Reading the Bible Missionally with Tony Stiff – Part IV
Reading Scripture in Light of Our Missional Context as Readers
“One possible place to begin talking about the Bible and mission is with the intersection between the biblical text and the reader who encounters this text in new ways in the context of missionary activity. The German philosopher Hans-Georg Gadamer spoke of all interpretation as having two horizons—the horizon of the text and the horizon of the reader. Meaning and understanding, he said, takes place at the intersection of these two realities.”
The above quote by Grant LeMarqu and hits on something that is often lost in discussions about how we should read Scripture: The
necessity of having our lives wrapped up in mission. If you’re going to read the Bible missionally you must be living missionally otherwise the questions you bring as a reader to the text won’t be aimed at mission but something else. Nevertheless there is a circularity at work here. Reading Scripture missionally also deepens and informs missional living.
Typically in discussions about the interpretation of the Bible you’ll hear people say things like, “once you discover the authors intent then you have the meaning of the text.” Discovering what the author intended must be a foundational concern in all interpretation but there are problems in limiting our reading of Scripture to just a quest for the authors intent. There are in fact at least two problems with this method or goal in reading texts. First, the problem with this method is that it is ignorant of the underlying presuppositions every reader brings to the task of interpretation. We are creaturely and by nature ﬁnite which means we always interpret things from a ﬁnite, limited point of view. In seeking to discover the authors intent our own vantage point and agendas get added in. Even the original gospel writers weren’t free of bias. There bias was in part due to the missional needs of their audiences as they composed their accounts of Christ.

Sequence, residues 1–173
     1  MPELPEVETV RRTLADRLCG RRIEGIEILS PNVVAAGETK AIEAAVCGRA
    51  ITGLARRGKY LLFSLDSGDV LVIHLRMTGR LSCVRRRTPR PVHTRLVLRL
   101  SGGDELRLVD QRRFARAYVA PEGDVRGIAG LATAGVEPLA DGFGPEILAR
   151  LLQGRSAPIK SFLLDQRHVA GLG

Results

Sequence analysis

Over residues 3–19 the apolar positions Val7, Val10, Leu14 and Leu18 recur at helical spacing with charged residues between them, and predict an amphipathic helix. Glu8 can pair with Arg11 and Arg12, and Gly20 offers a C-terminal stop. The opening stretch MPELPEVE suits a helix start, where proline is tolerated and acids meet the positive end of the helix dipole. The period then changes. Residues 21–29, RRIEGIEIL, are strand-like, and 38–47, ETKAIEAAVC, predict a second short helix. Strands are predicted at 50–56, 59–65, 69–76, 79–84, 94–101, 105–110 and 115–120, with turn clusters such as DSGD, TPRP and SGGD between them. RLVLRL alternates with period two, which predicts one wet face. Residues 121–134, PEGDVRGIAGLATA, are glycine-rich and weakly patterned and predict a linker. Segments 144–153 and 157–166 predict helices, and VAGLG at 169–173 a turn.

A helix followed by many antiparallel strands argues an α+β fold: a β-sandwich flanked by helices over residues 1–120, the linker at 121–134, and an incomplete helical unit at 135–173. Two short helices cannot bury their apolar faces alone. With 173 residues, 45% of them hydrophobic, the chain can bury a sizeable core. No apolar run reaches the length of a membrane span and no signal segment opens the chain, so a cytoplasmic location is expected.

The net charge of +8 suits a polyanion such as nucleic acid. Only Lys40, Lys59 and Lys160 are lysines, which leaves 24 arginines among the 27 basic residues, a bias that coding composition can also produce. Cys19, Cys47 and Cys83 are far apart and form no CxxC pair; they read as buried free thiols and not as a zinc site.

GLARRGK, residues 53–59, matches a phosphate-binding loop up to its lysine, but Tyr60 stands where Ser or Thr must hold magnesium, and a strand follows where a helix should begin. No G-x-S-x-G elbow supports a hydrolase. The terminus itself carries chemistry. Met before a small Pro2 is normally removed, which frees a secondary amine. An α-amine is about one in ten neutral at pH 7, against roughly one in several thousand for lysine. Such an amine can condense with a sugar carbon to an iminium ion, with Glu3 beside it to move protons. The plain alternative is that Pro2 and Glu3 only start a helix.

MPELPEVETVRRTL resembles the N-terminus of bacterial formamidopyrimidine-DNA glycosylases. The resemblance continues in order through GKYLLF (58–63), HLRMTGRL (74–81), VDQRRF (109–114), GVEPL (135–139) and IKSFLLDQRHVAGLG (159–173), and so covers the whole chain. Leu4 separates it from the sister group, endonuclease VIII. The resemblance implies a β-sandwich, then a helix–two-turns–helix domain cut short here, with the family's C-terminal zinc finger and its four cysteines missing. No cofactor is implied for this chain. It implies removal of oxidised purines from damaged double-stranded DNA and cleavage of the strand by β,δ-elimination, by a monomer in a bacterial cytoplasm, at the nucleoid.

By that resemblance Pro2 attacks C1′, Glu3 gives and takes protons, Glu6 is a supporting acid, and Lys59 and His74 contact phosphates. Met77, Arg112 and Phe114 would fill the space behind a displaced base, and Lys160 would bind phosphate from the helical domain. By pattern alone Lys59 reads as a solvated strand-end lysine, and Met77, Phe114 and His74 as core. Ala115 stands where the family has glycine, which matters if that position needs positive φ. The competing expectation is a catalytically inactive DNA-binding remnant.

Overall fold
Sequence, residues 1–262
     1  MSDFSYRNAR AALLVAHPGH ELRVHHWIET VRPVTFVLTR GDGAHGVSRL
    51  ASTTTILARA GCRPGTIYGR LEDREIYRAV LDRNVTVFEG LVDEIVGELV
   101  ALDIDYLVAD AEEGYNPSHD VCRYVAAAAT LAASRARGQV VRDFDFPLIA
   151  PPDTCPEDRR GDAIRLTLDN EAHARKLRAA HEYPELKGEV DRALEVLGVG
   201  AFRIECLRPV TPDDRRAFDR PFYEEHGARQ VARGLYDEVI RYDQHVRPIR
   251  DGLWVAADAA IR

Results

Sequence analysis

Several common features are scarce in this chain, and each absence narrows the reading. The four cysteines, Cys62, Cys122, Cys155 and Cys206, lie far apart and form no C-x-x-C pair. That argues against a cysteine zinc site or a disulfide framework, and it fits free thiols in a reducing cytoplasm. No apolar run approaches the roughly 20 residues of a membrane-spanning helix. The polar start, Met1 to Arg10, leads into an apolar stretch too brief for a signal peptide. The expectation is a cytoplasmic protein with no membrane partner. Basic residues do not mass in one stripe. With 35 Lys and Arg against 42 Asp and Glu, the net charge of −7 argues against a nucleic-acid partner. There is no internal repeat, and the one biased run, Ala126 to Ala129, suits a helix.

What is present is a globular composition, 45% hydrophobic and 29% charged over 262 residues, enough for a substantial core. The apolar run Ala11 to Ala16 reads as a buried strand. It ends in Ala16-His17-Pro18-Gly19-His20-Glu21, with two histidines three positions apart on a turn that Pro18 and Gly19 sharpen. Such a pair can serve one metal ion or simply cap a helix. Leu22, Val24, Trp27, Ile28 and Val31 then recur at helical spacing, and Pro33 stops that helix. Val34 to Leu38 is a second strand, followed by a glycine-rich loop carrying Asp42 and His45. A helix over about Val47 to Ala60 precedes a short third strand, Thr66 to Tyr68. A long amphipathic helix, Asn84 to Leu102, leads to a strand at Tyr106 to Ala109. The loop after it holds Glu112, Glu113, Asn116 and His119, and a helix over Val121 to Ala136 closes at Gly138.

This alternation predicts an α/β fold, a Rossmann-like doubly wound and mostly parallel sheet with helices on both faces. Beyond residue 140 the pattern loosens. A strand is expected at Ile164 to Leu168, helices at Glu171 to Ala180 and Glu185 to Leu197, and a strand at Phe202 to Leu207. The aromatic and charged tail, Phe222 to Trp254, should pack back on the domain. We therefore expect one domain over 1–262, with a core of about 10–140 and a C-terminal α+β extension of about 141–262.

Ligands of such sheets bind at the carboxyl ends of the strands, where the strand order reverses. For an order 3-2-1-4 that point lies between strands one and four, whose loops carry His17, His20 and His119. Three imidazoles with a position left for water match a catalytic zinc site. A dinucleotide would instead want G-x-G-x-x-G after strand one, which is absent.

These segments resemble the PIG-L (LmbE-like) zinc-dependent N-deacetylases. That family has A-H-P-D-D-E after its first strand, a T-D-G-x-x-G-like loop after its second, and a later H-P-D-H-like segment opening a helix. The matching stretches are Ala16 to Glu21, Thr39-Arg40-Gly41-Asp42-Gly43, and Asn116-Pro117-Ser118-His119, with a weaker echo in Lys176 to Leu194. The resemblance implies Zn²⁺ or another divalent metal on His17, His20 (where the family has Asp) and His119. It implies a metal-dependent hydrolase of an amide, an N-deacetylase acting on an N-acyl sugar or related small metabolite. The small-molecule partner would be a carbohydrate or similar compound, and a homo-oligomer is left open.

New Testament scholar, Richard Bauckham, notes the bias of the Gospel writers accounts in his book Jesus and the Eyewitnesses; “They [the Gospels] embody the testimony of the eyewitnesses, not of course without editing and interpretation, but in a way that is substantially faithful to how the eyewitnesses themselves told it, since the Evangelists were in more or less direct contact with eyewitnesses…”
Secondly, in seeking only to discover the original authors intent in interpreting or reading the Bible the reader misses the reality that texts can have far more meaning and relevance than what the original authors may have had in mind. This ought to be assumed from the outset since every part of Scripture has a dual authorship: human author(s) and Divine. Scripture is able to speak to situations (or locations) far beyond those the original authors and their communities were dealing with.
Reading the Bible missionally requires us as readers to be self-aware of our missiological needs and interests that we bring with us as we read. A missional reading of Scripture requires us to explore how the text before us does and doesn’t engage those needs and interests. To read Scripture missionally means raising “located questions” that are sensitive to our missional context and interested in engaging our culture. What are “located questions”?
“’Located’ questions, then, are those that arise out of that tangible place and time in which the sent community [missional church] lives in terms of which it seeks to discern its particular charism and vocation. And that implicates further the community’s location in its publicly present witness in that time and place. Its mission itself is the proper location from which the Bible is interpreted.” (Hunsberger 2009)
What does it look like to read the Bible in light of our missional context as readers?
Questions intended to help you read Scripture in light of your missional context:
- How does this text speak to our missional context, what are the “located”questions our context is asking from the text?
- What does this text call us to unlearn and learn afresh as we engage our missional context?
- Are there models of contextualization in this text that we can learn from as we seek to be in but not of this world?
- How does this text call us as God’s people to be both different from and involved in the world?
- What are the ways this text equips us for mission?
- Did this text play an integral part in the formation of the missional identity of its original audience? If so, how can it play that part in us?
(Some of the questions above for this section were taken and modiﬁed from Michael J Gorman, Some Basics of a Missional Hermeneutic)
|Tony Stiff is a pastor seeking to make sense of an ever changing ecclesial landscape while continuing to bring God’s Kingdom to bear on a global/local world. This is almost as daunting a task as loving my wife as Christ loved the church, and raising my child to have her moms strengths rather than her dads weaknesses. I am currently searching for a pastoral calling in a city. My resume website is tonystiff.com.|